Explain, using three examples from the media, the ways in which the media demonstrates a bias, with a reference to how ideology differs from spin.Please use three articles from the media.  THANK YOU!

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akannan's profile pic

Ashley Kannan | Middle School Teacher | (Level 3) Distinguished Educator

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One can find this present in how media coverage of political issues is demonstrated.  For example, the manner in which the recent Teabag Protests were covered could be an example of how bias might be present.  Networks that devoted much in the way of coverage or syntax used such as "Freedom fighters" or "Patriots" might differ in their ideologies from another network, which either decided to not report on the events at all or in their coverage dismiss the events entirely.  This could be reflective of ideology which arises from an overall support of the President as opposed to a belief that is not entirely supportive of the government.  In another sphere, the same can be seen towards the attitude towards those who are investigating if the President was born in the United States or if he was not.  The validation or repudiation of the "Birther" movement might be another example of how ideology can impact the news media.

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Karen P.L. Hardison | College Teacher | eNotes Employee

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In media, spin is a tool of propaganda that is used, usually deceptively but not exclusively, to convince, persuade and manipulate an audience into the belief that an event, action, person, policy etc. is something other than what it in fact is. On the other hand, media ideology is the underlying beliefs, suppositions and ideas that form the foundation of individual's, group's, society's actions, processes or institutions. It is possible for ideologies to be mistaken or mislead and, therefore, unintentionally deceptive, but spin is. by definition, deceptive and manipulative.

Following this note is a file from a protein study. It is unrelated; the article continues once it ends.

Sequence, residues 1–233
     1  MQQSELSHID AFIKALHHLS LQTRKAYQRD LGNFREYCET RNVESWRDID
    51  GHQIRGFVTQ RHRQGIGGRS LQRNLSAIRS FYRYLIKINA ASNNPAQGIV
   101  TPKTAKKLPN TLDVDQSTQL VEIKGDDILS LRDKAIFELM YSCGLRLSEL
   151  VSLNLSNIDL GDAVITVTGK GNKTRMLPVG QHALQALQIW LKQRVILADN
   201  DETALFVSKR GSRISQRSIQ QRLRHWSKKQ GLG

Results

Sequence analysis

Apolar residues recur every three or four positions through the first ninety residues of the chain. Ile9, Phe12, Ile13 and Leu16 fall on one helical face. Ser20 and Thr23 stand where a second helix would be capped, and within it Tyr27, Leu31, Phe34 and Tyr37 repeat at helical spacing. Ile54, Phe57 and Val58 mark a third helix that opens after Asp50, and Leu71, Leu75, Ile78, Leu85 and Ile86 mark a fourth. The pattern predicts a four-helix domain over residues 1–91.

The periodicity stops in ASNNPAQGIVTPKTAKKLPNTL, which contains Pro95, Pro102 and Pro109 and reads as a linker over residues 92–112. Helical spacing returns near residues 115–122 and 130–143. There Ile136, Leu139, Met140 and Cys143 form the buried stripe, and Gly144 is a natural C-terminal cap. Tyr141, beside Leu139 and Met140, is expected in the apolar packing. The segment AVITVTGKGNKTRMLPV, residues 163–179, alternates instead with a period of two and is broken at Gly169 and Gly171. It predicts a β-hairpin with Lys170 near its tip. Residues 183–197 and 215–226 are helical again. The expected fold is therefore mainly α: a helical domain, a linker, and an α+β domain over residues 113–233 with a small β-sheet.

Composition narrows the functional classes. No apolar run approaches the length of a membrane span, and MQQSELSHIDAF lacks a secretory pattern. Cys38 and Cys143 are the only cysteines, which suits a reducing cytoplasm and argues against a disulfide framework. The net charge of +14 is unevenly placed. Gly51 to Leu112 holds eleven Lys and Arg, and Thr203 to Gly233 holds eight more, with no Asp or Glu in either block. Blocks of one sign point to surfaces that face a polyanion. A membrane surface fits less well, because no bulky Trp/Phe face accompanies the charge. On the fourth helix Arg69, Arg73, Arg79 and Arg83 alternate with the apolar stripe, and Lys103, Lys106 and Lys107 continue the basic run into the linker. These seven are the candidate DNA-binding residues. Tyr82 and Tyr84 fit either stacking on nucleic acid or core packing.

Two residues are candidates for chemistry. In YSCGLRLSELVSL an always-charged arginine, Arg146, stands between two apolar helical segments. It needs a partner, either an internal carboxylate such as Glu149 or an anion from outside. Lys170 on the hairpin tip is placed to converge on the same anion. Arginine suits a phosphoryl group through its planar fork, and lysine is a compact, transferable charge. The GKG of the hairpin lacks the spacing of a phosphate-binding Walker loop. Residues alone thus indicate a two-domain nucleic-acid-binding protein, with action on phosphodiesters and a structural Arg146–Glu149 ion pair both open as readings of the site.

Media bias, i.e., tendency or inclination, can be manifest in several spheres of media representations. Bias is the antithesis of (the opposite of ) objectivity.
1 -- Decisions on selection and omission of what stories to cover and/or what facts to reveal about those stories may be made from a position of bias.
2 -- Bias can be shown through placement in the media source. For instance a political issue could be buried in the back pages of a paper or a Web site to subvert the formation of favorable public opinion.
3 -- The wording of headlines, captions and the selection of photo images can all advance a particular bias. For instance, a glamorous photo of an underdog presidential candidate could be selected by biased media supporters.
4 -- In the same vein, tone and choice of terms of address can manifest a media bias, distorting, downplaying or aggrandizing various aspects of a story or fact.
5 -- Source selection and statistics can be manipulated to present a media bias. For instance, a "leak" that either supports or diminishes the party's agenda could come from biased a political party source, and statistics can be stated in various ways to either support or detract.

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